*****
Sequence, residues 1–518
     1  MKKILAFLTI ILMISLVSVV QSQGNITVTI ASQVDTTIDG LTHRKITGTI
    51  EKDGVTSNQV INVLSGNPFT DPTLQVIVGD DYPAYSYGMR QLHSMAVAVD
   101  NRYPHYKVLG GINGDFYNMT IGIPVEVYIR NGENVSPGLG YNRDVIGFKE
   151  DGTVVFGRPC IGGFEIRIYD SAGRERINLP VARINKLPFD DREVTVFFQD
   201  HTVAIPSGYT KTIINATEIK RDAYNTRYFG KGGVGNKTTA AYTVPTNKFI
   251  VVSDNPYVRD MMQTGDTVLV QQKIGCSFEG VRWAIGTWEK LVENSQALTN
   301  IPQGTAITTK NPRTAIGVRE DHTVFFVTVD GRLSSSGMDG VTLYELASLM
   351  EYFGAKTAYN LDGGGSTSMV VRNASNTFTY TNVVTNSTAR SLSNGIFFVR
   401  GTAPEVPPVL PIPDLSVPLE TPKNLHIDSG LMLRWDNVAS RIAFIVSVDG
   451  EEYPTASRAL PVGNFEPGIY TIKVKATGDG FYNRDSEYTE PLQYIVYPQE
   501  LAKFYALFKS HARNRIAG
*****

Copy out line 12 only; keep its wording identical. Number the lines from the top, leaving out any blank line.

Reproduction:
   501  LAKFYALFKS HARNRIAG